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Joe POV

How Patriots Revolutionized the American Metal Industry

paul revere statue

Should America produce its own metal? Paul Revere thought so. Although the patriot is much better known for his midnight ride alerting the Colonial Militia of British attack, he made his livelihood as a metalworker. He cast brass bells for churches, crafted silver jugs for dairy, and fashioned copper lanterns for - well, "One if by land, two if by sea."

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"Men of Metal" art show

thumb Joe P with toothpick at art receptionYou probably know me as president of Stevenson Company. What you may not know is that I paint on scraps of steel. “Men of Metal” is my first art exhibit and I was delighted so many of you could be among the first to see it at the VIP reception.

On the first Friday of each month Haven Arts, a local gallery, throws open its doors to the public. This weekend happened to debut my homage to the people who work at Stevenson Company. Each piece showcases a craftsman in the sheet metal trade. Silhouettes were laid out and cut using a plasma torch, then detailed using oil paint.

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5 Interesting Facts About Steel Production - from Fabtech 2016

Liquid Steel from Ladle1. New steel is made from dirt. Magnets pluck iron ore from the displaced earth. The resulting rocks are blasted for sixteen hours at temperatures of about 2700 degrees. Then the molten slop is poured into plates about 9 inches thick.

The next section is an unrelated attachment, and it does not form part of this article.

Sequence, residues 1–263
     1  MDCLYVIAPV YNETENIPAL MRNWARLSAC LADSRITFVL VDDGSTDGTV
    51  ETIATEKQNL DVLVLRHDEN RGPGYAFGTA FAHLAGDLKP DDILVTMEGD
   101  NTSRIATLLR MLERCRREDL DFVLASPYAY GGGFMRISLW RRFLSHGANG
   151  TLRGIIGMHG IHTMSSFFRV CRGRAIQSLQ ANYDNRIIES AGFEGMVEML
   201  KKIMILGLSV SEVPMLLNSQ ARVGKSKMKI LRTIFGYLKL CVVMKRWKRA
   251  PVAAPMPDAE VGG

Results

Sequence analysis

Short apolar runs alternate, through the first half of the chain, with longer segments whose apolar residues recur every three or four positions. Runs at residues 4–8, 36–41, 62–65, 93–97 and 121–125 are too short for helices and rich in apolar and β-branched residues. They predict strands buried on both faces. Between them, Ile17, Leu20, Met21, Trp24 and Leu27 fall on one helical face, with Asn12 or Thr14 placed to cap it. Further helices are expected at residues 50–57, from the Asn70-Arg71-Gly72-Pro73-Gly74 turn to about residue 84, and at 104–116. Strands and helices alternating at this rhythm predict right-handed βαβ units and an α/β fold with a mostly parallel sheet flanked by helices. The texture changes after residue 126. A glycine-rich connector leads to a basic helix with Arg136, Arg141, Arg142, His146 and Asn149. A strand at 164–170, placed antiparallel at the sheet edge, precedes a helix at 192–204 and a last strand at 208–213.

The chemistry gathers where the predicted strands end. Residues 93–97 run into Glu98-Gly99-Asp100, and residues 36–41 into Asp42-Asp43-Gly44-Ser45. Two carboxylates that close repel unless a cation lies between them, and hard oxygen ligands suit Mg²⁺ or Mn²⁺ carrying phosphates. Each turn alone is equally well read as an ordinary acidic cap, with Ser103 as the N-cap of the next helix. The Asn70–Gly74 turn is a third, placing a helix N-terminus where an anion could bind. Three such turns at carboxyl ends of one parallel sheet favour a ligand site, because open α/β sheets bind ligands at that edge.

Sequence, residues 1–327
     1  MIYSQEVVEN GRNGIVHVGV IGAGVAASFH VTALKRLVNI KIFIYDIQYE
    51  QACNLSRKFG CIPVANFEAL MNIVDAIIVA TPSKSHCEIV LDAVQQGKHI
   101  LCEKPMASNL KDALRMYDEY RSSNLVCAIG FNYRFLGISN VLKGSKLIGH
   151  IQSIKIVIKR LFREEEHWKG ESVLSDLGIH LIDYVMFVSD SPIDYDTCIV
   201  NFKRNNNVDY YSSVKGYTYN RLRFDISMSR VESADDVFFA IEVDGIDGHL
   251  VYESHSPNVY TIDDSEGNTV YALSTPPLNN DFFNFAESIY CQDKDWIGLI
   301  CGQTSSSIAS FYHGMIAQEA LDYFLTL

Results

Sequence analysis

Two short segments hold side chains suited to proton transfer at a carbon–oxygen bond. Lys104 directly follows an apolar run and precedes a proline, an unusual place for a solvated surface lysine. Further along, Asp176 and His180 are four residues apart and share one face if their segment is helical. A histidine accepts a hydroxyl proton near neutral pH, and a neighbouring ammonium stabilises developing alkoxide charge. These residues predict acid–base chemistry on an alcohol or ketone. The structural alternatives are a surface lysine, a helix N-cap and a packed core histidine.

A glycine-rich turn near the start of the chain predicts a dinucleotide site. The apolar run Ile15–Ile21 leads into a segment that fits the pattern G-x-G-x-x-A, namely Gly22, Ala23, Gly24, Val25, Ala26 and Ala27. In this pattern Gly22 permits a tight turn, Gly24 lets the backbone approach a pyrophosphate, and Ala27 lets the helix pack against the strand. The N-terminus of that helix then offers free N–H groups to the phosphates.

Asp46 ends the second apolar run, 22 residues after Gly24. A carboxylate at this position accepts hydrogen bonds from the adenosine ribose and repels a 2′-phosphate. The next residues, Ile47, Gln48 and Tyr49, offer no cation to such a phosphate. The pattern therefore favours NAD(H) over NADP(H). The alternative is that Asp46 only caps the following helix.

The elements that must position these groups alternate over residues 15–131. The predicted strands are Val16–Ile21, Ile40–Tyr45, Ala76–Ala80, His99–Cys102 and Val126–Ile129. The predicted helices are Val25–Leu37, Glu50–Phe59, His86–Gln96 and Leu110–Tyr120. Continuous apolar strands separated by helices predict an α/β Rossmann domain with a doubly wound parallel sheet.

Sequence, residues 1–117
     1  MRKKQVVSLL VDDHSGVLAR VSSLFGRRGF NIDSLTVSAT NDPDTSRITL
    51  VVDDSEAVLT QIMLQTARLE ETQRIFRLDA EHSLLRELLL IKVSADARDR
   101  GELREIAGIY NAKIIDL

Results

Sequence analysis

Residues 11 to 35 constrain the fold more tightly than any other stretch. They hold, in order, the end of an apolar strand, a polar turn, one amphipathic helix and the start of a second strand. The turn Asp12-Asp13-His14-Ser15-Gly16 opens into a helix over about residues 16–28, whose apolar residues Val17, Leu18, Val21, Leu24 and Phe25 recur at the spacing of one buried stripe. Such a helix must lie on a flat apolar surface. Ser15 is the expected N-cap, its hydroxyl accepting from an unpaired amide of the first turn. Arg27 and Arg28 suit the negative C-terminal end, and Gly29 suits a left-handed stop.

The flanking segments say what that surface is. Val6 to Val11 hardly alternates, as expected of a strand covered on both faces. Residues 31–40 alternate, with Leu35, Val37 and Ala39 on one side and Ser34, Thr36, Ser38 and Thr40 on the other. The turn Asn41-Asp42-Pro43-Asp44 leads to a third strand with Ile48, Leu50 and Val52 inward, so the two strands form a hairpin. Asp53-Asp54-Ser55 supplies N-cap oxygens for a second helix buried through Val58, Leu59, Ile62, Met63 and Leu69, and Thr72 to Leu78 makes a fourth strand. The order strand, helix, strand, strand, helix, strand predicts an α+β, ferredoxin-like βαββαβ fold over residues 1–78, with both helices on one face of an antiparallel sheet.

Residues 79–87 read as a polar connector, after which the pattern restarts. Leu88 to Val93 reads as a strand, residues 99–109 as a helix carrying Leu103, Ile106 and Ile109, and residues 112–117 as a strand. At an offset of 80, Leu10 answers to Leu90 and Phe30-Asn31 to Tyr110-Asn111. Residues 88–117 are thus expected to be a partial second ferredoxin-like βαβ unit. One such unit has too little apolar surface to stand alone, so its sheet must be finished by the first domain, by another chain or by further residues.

2. All steel alloys come from the same batter. Stainless steel is made by adding nickel and chromium to the mixture. Galvanized is made by ladling zinc onto the surface.

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What I Owe Gene Wilder

wonkaWilly Wonka's "pure imagination" inspires me to make the most of my time inside food plants and here at the tinker shop.

Willy Wonka first struck me as darkly mysterious, the way Roald Dahl originally intended. My wife, on the other hand, considered the candy maker a quirky inventor. Left to my own preferences, I never would have allowed my children to be exposed to the harsh vetting process he required of his would-be successors: shot like a torpedo through a tube; injestion of a strange allergen that left its victim bloated and blue; or floating into a trap that sucked people into whirling blades.

Our kids wouldn't be deprived of the Wonka magic, though. My outlook began to sweeten during the reintroduction. By then our children had the Gene Wilder version permanently installed in the video player, stuck like Augustus Gloop in a pneumatic tube.

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Spiral Chutes Are Safe Way to Handle Food Product

 

Wrigley Spiral with CoverAre Spiral Chutes a safe way to convey food? Consumers rightly demand that what we eat is handled safely. The short and definite answer is yes, a Spiral Chute -- as designed and manufactured by Stevenson Company -- is an ideal method to safely move product.